X-RAY

Introduction 

An X-ray is a quick and painless procedure commonly used to produce images of the inside of the body.It’s a very effective way of looking at the bones and can be used to help detect a range of conditions.

How X-rays work

  • X-rays are a type of radiation that can pass through the body. They can’t be seen by the naked eye and you can’t feel them.
  • Dense parts of your body that X-rays find it more difficult to pass through, such as bone, show up as clear white areas on the image. Softer parts that X-rays can pass through more easily, such as your heart and lungs, show up as darker areas.

When X-rays are used

Problems that may be detected during an X-ray include:

  • bone fractures and breaks
  • tooth problems, such as loose teeth and dental abscesses
  • scoliosis (abnormal curvature of the spine)
  • non-cancerous and cancerous bone tumours
  • lung problems, such as pneumonia and lung cancer
  • dysphagia (swallowing problems)heart problems, such as heart failure
  • breast cancer

Preparing for an X-ray

  • You don’t usually need to do anything special to prepare for an X-ray. You can eat and drink as normal beforehand and can continue taking your usual medications.
  • For all X-rays, you should let the hospital know if you’re pregnant. X-rays aren’t usually recommended for pregnant women unless it’s an emergency.

Having an X-ray

  • During an X-ray, you’ll usually be asked to lie on a table or stand against a flat surface so that the part of your body being examined can be positioned in the right place.
  • The X-ray will last for a fraction of a second. You won’t feel anything while it’s carried out.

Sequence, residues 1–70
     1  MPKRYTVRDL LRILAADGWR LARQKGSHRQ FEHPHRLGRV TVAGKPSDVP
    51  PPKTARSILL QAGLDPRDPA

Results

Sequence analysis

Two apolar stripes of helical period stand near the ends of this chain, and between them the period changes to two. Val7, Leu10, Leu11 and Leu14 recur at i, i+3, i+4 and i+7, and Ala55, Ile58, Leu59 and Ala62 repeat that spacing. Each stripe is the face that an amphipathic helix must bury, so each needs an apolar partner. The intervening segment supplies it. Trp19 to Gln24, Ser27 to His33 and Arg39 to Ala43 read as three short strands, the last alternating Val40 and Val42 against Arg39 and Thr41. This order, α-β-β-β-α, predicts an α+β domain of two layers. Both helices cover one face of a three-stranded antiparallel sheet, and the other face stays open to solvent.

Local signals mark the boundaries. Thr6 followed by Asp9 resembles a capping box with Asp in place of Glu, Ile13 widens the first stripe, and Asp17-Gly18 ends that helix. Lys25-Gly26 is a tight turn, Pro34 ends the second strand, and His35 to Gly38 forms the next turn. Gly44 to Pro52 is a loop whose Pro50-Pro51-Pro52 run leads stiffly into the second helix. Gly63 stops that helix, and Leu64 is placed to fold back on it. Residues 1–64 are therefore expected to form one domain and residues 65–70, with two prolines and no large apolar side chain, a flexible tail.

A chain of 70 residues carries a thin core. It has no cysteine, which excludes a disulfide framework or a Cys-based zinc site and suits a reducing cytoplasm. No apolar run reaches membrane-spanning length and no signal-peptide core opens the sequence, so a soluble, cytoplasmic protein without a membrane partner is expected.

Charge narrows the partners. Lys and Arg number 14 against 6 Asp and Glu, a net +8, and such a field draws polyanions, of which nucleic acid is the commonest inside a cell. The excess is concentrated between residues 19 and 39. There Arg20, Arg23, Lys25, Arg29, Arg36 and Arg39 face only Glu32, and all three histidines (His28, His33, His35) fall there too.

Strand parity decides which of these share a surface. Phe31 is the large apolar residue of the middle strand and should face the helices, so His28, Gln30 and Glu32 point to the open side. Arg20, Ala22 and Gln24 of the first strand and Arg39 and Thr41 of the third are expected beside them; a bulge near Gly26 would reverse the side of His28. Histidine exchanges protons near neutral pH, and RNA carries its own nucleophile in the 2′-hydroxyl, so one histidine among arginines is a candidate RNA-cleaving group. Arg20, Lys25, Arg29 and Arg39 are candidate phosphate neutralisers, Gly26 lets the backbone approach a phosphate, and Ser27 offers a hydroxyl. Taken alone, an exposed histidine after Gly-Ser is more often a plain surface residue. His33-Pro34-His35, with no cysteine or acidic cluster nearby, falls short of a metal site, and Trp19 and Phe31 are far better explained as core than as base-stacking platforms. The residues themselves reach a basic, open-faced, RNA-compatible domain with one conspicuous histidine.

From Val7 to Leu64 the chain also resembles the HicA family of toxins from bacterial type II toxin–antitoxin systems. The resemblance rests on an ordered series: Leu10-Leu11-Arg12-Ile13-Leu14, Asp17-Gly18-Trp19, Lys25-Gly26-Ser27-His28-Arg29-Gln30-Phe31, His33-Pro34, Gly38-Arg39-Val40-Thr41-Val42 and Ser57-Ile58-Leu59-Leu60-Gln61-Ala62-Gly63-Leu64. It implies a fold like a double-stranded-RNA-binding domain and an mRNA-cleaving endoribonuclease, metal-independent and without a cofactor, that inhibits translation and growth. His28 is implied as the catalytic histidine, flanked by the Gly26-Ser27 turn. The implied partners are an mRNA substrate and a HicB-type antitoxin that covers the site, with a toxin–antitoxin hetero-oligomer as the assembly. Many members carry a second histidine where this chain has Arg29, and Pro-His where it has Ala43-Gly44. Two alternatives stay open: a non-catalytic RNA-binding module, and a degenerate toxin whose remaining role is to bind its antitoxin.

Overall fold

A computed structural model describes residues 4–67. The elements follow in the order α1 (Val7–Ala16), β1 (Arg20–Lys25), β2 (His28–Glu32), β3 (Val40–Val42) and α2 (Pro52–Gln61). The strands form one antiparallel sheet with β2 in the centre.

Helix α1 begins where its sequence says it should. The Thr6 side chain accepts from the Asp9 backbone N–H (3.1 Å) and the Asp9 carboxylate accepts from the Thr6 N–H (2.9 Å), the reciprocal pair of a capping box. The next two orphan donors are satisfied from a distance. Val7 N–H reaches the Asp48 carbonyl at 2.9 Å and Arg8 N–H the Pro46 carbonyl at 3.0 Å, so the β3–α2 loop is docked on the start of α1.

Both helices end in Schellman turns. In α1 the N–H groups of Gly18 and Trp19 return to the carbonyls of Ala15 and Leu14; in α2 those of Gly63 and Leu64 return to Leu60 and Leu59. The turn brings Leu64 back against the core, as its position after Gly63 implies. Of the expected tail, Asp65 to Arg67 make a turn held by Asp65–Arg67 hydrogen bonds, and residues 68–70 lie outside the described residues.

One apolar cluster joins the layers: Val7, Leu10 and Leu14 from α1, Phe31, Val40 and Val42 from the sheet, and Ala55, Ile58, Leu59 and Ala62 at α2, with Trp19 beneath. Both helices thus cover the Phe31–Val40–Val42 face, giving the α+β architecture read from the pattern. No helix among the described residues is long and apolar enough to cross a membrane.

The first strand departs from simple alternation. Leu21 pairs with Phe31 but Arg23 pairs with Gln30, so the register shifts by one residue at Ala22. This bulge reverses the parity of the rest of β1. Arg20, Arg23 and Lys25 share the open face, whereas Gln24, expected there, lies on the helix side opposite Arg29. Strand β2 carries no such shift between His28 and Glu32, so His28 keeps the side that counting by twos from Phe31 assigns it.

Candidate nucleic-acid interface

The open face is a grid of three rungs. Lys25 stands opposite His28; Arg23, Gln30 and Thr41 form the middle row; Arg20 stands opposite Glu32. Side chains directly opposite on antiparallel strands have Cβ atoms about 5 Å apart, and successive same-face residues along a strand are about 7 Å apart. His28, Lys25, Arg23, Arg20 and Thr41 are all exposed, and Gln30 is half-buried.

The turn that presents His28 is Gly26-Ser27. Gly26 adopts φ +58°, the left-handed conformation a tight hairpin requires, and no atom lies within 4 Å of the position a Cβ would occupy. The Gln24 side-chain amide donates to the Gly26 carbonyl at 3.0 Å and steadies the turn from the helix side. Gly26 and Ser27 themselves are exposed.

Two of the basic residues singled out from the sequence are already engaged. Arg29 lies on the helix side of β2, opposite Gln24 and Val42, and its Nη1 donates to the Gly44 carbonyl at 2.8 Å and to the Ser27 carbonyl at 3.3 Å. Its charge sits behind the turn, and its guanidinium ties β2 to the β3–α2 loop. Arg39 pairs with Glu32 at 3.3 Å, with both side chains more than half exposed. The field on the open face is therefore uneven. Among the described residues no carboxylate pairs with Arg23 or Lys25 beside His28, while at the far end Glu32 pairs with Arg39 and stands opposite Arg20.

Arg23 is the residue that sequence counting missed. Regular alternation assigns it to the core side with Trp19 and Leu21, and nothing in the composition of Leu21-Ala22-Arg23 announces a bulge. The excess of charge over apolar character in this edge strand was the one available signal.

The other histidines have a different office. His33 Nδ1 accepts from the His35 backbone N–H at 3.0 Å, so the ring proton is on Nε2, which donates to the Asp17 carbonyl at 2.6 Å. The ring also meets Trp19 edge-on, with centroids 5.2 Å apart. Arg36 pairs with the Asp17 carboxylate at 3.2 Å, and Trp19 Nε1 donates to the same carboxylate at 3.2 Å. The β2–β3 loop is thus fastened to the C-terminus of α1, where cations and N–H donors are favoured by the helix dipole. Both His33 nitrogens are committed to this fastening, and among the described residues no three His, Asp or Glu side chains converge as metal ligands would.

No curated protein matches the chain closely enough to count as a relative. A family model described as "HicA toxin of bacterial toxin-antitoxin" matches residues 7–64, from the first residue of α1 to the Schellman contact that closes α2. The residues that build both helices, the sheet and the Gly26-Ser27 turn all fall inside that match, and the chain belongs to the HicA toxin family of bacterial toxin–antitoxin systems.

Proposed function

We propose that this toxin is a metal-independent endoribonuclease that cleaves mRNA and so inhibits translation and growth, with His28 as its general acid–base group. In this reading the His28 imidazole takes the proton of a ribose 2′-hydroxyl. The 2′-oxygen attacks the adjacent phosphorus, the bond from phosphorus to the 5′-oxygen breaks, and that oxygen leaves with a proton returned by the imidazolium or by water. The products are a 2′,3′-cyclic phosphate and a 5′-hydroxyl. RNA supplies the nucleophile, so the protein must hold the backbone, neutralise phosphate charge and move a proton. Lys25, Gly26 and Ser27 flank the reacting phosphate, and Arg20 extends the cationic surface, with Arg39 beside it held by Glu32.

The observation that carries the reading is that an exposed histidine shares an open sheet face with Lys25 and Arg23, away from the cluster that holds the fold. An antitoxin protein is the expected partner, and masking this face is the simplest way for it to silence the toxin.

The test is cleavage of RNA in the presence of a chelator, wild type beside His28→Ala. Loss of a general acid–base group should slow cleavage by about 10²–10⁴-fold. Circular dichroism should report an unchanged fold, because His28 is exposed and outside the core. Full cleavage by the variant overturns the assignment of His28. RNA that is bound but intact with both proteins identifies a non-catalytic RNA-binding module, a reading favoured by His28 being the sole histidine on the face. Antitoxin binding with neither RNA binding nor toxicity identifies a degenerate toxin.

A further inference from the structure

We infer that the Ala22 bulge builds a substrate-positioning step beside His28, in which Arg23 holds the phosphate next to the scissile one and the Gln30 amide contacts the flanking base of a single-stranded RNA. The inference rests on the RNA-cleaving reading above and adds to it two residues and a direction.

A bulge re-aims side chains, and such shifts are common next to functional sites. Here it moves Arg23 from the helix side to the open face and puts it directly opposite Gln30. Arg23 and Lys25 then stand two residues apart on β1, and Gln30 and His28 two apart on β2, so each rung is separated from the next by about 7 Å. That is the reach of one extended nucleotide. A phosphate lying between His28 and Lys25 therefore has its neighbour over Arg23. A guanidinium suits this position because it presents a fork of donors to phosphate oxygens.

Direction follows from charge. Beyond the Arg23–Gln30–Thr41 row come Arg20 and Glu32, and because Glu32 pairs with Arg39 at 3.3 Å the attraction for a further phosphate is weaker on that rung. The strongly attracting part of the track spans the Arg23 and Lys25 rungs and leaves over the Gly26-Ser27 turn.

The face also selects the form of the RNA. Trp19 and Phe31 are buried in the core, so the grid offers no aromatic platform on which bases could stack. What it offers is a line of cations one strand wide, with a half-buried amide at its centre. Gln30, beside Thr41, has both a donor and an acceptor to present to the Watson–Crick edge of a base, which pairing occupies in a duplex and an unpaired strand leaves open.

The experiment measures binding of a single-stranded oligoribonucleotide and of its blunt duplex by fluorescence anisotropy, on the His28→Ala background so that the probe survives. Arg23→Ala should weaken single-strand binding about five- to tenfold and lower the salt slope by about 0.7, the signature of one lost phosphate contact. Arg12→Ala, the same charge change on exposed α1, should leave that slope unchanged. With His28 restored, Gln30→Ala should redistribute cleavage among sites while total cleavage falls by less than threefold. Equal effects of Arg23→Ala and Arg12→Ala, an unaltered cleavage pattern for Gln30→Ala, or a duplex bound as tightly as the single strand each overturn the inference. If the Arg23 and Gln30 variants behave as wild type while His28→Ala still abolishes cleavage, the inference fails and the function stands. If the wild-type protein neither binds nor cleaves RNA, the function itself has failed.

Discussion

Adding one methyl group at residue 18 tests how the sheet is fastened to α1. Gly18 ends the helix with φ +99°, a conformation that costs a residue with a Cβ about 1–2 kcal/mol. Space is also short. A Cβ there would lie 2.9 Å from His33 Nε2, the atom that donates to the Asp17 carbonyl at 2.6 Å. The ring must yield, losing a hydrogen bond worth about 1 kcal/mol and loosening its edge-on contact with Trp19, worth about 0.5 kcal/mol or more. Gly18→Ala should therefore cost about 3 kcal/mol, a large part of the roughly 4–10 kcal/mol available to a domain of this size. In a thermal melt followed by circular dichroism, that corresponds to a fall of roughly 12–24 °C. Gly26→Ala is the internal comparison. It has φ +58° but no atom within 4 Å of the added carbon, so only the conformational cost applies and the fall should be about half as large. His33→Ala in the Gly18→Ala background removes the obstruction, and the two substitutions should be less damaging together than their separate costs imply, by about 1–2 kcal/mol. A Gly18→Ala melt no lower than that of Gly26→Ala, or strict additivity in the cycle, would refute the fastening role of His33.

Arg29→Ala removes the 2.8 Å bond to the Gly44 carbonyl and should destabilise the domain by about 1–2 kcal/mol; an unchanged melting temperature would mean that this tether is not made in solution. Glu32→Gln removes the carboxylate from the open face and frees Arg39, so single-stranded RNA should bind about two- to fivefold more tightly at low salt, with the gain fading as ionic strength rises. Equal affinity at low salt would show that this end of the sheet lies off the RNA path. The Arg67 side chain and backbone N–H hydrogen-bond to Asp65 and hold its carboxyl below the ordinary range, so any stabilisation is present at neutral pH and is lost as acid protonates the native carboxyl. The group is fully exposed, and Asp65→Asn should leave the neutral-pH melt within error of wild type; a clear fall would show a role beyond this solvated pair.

• While the X-ray is being taken, you’ll need to keep still so the image produced isn’t blurred. More than one X-ray may be taken from different angles to provide as much information as possible.

Contrast X-rays

In some cases, a substance called a contrast agent may be given before an X-ray is carried out. This can help show soft tissues more clearly on the X-ray.

  • barium swallow– a substance called barium is swallowed to help highlight the upper digestive system
  • barium enema– barium is passed into your bowel through your bottom
  • angiography– iodine is injected into a blood vessel to highlight the heart and blood vessels
  • intravenous urogram (IVU)– iodine is injected into a blood vessel to highlight the kidneys and bladder

Are X-rays safe?

  • Generally, the amount of radiation you’re exposed to during an X-ray is the equivalent to between a few days and a few years of exposure to natural radiation from the environment.
  • Being exposed to X-rays does carry a risk of causing cancer many years or decades later, but this risk is thought to be very small.
  • The benefits and risks of having an X-ray will be weighed up before it’s recommended. Talk to your doctor or radiographer about the potential risks beforehand, if you have any concerns.

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